The story of the Stern Review, and the sequel

This is the story of the Stern Review Mr Nicholas Stern, a former banker and economist, was employed by Gordon Brown when Mr Brown was in charge of the Treasury, to write a report about the economic impact of climate change. The report in essence said that we all have to act now to prevent worsening climate change because the cost of acting later would be much more expensive.

Mr Stern’s review was hailed throughout the United Kingdom as a work of great insight and moment. Mr Stern warned that climate change would shrink the global economy by 20%; Mr Brown promised to lead the way. At the time he said


“In the 20th century our national economic ambitions were the twin objectives of achieving stable economic growth and full employment,” Mr Brown said.

“Now in the 21st century our new objectives are clear, they are threefold: growth, full employment and environmental care.”

Mr Brown argued that becoming green would mean great opportunities

 “for new markets, for new jobs, new technologies, new exports where companies, universities and social enterprises in Britain can lead the world”.

“And then there is the greatest opportunity of all, the prize of securing and safeguarding the planet for our generations to come.”

You would expect that the UK would thereupon become leader in green technology, invest billions of pounds each year in developing it, invest many more billions in stalling it and thereby reduce the greenhouse gas emissions that Mr Stern warned us would be so expensive to reduce if we acted later. A grateful nation should then honour Mr Stern for his excellent work.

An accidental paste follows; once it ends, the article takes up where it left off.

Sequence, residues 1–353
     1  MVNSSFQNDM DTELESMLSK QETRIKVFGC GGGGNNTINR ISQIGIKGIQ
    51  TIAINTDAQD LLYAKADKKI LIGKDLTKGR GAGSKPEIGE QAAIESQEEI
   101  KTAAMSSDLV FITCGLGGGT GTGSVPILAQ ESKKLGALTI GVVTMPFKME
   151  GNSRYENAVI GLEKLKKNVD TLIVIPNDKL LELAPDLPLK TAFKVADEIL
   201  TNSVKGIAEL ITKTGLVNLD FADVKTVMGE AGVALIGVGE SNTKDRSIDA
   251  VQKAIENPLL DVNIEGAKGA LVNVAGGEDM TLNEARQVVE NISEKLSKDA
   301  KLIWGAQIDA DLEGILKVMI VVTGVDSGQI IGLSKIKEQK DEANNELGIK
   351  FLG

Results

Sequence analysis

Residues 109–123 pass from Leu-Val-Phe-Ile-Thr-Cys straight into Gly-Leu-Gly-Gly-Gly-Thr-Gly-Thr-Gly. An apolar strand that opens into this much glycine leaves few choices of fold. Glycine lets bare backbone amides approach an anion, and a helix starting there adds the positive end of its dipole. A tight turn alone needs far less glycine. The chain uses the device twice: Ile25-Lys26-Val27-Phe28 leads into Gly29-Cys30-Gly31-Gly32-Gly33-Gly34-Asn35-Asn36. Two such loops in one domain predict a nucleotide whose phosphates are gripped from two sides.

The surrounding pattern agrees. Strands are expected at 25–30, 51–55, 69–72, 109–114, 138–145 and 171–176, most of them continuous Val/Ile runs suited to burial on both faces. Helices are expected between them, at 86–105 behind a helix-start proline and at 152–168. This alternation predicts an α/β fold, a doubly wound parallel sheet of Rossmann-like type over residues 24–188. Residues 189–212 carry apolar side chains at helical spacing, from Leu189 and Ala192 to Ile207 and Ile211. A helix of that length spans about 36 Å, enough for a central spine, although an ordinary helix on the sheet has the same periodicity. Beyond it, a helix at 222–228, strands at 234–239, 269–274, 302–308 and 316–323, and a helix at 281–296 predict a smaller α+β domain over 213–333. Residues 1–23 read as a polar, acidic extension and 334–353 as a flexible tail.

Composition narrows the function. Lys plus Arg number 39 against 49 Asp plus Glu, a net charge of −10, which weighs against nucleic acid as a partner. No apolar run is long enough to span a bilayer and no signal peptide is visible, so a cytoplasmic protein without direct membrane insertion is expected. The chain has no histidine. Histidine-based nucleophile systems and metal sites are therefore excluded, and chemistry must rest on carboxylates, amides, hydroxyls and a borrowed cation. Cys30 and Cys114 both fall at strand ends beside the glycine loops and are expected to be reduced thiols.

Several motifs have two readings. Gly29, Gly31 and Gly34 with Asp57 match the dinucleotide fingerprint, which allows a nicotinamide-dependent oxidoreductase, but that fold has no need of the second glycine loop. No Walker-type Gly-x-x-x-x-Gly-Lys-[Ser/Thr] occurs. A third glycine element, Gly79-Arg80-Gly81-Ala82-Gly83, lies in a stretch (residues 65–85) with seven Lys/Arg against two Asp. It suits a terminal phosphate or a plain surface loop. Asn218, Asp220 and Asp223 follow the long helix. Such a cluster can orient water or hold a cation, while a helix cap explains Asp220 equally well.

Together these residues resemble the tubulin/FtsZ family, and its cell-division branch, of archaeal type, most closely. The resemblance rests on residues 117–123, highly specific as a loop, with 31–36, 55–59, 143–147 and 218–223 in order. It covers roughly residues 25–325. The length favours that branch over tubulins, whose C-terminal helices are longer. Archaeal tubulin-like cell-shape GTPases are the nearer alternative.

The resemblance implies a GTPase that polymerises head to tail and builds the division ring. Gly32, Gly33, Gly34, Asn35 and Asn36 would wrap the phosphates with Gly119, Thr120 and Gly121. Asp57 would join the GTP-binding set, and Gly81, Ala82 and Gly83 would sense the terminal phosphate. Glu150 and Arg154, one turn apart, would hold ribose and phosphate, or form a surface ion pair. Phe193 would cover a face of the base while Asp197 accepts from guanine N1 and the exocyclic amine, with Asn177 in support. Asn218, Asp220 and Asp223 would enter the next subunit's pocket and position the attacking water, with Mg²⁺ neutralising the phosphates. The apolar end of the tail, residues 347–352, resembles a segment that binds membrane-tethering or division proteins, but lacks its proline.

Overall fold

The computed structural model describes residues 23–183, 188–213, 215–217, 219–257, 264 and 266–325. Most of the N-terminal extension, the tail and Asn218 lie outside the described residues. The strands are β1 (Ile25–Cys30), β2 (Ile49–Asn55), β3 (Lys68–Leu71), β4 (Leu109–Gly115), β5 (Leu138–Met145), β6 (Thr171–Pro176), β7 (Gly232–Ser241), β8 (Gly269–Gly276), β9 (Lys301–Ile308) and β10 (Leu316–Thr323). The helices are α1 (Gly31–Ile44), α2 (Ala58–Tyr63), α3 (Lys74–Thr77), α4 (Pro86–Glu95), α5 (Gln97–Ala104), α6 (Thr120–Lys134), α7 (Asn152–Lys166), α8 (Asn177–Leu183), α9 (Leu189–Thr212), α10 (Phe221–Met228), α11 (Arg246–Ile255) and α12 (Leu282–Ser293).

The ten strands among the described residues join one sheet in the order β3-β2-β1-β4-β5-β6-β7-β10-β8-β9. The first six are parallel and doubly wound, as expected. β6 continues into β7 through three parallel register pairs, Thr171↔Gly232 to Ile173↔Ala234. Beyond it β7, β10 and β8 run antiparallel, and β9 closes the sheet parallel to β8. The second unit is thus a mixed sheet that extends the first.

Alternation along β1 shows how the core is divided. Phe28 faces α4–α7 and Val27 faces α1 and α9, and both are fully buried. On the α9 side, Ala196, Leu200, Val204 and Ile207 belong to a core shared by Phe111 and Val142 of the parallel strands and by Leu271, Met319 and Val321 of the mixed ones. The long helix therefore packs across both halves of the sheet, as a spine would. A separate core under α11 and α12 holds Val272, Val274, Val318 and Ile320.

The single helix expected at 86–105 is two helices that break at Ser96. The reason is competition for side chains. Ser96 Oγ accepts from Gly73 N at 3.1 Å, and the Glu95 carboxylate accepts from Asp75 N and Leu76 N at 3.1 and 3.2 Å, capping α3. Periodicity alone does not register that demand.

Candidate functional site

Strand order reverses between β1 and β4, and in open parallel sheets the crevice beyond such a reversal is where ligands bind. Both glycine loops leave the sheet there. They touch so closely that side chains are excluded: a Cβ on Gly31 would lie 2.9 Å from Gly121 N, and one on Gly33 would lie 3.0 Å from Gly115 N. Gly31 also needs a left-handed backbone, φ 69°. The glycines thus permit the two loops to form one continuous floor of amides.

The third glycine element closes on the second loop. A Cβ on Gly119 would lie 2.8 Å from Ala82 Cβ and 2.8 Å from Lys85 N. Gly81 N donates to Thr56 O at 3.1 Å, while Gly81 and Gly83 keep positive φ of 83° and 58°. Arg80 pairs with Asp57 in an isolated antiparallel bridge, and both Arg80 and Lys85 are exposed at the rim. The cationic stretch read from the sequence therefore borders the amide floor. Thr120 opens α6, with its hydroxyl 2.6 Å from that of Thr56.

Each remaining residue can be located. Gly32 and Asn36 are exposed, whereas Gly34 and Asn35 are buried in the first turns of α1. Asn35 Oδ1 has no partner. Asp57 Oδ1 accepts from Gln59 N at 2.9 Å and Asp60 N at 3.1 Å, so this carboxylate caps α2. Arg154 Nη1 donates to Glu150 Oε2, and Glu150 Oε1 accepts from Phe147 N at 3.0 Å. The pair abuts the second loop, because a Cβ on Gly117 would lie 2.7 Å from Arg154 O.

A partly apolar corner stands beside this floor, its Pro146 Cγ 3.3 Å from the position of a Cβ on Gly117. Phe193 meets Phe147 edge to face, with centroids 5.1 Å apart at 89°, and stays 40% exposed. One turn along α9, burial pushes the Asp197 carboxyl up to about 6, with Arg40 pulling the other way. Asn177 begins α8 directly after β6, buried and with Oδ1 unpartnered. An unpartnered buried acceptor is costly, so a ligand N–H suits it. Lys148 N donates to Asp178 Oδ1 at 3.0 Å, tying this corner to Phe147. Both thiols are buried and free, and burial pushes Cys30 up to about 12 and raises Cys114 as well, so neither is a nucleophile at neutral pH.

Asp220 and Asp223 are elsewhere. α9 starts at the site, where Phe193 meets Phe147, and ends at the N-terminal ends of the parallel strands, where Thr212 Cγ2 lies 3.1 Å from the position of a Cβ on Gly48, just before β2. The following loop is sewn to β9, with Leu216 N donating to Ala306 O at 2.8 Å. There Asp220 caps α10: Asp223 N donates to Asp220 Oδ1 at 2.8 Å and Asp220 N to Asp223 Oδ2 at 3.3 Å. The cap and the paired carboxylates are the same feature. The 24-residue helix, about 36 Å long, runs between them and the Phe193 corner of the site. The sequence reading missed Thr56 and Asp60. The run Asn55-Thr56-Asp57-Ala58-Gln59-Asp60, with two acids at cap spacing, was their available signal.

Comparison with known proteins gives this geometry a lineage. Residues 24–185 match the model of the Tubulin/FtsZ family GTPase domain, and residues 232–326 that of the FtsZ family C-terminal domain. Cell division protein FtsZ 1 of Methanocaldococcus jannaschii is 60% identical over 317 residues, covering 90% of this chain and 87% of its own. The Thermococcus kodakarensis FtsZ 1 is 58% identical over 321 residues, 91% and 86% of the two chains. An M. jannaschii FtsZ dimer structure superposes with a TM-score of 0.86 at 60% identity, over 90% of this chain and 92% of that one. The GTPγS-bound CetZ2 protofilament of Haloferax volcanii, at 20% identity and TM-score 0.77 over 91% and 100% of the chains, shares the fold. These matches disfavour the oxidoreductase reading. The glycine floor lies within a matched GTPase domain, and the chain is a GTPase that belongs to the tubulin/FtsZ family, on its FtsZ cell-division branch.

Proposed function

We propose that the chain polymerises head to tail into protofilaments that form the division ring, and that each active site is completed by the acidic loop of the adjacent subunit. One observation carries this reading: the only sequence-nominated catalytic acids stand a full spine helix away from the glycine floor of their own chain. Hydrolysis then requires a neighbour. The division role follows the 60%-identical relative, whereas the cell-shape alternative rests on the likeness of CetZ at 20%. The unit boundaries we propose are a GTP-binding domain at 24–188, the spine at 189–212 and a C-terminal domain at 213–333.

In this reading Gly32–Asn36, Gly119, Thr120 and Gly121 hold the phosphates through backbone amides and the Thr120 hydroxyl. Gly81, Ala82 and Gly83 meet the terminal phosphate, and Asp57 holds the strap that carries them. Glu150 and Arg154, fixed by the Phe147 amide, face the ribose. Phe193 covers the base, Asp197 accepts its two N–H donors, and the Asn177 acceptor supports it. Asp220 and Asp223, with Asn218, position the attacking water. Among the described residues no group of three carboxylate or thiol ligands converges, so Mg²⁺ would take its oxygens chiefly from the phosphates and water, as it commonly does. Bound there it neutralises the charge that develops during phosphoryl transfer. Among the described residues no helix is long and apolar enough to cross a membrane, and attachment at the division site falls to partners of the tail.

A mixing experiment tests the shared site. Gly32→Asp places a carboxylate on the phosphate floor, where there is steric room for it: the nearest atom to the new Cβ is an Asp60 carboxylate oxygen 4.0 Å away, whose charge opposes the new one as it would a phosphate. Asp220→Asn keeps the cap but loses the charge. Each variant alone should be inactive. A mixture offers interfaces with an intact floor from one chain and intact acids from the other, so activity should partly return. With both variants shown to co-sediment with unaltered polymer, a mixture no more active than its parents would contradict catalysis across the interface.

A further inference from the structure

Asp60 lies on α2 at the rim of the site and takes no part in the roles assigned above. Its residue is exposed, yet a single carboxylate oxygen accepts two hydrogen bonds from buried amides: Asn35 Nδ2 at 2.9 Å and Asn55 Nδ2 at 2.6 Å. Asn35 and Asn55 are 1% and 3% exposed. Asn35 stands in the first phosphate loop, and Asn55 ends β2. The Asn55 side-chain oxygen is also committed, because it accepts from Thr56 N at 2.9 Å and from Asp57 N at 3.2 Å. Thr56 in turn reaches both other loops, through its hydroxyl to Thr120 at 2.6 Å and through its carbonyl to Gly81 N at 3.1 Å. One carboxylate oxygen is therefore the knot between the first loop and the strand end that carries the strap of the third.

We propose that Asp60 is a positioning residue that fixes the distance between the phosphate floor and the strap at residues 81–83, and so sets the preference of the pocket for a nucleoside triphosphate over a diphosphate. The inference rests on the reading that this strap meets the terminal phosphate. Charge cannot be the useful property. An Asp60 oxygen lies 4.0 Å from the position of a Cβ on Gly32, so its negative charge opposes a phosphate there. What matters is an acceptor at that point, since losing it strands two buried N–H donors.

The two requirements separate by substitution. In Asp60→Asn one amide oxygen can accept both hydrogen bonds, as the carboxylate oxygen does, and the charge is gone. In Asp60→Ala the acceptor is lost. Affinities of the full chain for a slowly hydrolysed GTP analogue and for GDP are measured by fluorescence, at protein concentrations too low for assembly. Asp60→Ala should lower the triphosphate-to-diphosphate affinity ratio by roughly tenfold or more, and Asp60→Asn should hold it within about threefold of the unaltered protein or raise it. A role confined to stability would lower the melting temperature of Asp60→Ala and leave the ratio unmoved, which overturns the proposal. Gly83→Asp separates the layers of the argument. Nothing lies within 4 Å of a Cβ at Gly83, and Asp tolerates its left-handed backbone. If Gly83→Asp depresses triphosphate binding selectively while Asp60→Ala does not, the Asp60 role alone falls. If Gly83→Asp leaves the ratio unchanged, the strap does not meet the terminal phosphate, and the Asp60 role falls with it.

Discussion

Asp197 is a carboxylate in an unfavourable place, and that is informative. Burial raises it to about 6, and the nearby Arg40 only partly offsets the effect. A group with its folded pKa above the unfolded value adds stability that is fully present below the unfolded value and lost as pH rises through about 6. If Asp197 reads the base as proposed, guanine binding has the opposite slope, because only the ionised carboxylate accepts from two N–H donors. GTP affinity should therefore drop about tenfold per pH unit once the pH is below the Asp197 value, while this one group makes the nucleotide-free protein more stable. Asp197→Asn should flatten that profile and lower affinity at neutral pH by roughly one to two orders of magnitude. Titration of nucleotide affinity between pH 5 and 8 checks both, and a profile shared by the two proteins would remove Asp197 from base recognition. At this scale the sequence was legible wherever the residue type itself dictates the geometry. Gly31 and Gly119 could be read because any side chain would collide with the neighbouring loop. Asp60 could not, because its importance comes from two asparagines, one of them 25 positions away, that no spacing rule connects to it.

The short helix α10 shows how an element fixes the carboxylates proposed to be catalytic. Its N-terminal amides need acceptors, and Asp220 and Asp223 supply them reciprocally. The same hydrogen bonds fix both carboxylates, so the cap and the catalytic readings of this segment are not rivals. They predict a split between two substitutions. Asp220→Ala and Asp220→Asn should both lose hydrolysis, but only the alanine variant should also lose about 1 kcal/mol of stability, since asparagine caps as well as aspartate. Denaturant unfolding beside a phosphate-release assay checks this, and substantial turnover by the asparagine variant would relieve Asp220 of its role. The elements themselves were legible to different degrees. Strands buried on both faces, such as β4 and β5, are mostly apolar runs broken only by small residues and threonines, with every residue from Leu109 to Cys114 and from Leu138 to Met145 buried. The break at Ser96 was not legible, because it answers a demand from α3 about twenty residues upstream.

Well the only thing that the grateful nation actually did was to honour Mr Stern.

Mr Stern (who was at the time a humble Knight of the realm) was promoted to a Lord, (sorry, “ennobled”) and was put in charge of the Grantham Institute of Climate Research, because of his insightful and important report.

Mr Brown became Prime Minister and therefore capable of implementing his new green vision having reached the highest office in the Kingdom. That is all there is to this story; the end.

There is a sequel, but the sequel is nowhere near as exciting. In the sequel Mr Stern keeps issuing warning after warning that emissions must be cut, but everyone knows that emissions can only be cut by measures. There are very few measures, very little money spent on measures by the Government from the taxes its raises, very few new green jobs – indeed the economy is losing green jobs due to the recession, because the Government prefers to support the car industry and international speculation of banks rather than the environmental. The climate is left unprotected; the United Kingdom is not a leader in green technology, having installed almost none of it.

It is an odd story, isn’t it? The UK may not lead the world in green technology and environmental protection but let it never be said that the UK does not lead the world in…writing reports.

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